Tuesday, December 2, 2014

Homeless in Oklahoma City, OK: Erin

Words and Images by Al Griffin

I found Erin standing outside a day-labor center at the edge of the parking lot. Like others nearby, he wore a bright colored vest to identify him as available through the temp agency system. Even though he lives on the street, he picks up work many days through the agency. 

Erin said he came from Lawton in Southwest Oklahoma, but was born in Germany. He has never had a real home since reaching adulthood. He has no family left and seems to have adjusted to his plight. 

I have no statistical evidence to offer, but in my experience, I have found more and more young people living on the street in the last few years. In 1995 I started regularly seeking out and visiting with those living on the street in large cities from Atlanta to New York to Seattle and even Vancouver, B.C. Although completely anecdotal in nature, my observations indicate a downward trend in the age of homeless individuals in America.

If I can’t imagine a person such as an itinerate farm laborer living the last few years of his life in the bitter circumstances of street life, how can I begin to fathom the long endless years from childhood to old age faced by the Erins of the world?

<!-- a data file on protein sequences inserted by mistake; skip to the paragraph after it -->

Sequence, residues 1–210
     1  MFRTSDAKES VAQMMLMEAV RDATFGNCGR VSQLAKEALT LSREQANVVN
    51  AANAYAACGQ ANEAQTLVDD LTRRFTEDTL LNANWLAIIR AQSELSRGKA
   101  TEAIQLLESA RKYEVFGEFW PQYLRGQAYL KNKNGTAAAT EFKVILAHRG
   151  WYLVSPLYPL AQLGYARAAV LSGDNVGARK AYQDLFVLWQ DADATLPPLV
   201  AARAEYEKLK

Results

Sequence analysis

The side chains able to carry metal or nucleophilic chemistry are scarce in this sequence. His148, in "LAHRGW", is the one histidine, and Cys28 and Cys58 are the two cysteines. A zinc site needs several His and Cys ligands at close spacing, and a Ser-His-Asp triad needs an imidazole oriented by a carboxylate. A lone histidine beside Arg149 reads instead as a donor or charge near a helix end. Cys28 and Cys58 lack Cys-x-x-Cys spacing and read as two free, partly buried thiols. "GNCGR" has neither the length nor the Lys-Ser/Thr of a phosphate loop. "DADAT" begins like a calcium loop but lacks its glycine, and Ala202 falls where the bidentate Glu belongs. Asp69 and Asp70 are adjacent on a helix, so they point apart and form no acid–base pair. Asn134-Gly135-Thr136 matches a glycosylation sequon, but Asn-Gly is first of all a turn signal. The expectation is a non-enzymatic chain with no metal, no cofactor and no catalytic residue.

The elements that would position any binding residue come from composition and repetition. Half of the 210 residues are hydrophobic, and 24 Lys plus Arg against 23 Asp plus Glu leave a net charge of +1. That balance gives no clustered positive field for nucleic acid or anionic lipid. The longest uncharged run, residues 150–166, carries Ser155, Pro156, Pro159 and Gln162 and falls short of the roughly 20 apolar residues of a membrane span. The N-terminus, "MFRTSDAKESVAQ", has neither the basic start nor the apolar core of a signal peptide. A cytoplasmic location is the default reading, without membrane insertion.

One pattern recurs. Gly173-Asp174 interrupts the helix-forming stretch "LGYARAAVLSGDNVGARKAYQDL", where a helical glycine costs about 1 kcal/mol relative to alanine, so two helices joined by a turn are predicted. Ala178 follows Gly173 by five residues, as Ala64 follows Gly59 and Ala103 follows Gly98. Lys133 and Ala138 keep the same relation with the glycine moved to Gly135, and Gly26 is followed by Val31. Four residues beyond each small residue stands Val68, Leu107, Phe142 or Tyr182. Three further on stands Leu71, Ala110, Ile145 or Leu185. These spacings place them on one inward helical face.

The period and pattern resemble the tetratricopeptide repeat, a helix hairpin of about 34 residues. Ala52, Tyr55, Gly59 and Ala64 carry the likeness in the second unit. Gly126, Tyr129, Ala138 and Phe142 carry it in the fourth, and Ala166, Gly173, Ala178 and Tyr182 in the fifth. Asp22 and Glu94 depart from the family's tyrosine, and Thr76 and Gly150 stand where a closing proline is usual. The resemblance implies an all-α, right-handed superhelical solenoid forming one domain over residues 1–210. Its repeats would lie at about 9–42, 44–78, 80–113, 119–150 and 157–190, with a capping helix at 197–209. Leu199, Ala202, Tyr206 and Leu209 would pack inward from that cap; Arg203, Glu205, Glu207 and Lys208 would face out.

Can he rise above the reality of his circumstances?

Yes, many do so.

Will he succeed?

I hope he does. He is not afraid to work based upon his willingness to put himself out there every day for the agency. And he does make some money on an occasional basis. 

Full or part-time employment usually requires transportation, permanent residency, and reliable communication by phone. The old adage that it takes money to make money does not just apply to the wealthy entrepreneur starting a new business. Just getting a job requires the means to hold that job day to day and earn the trust of the employer that the long-term investment in this employee will pay off for both parties. Reliability requires character first, but also resources. 

Erin seems to have enough character to succeed based upon my observations. I hope he can gain the resources to find that real job for which he searches.


Note: This blog will retire at the end of 2014. We are grateful to those of you who have read posts and especially grateful to those of you who've commented or liked these posts. Look for Al Griffin's thoughts and images about homelessness in the U. S. on Google+. Connye Griffin continues to write and critique at My Writing and Editing Coach on Blogspot.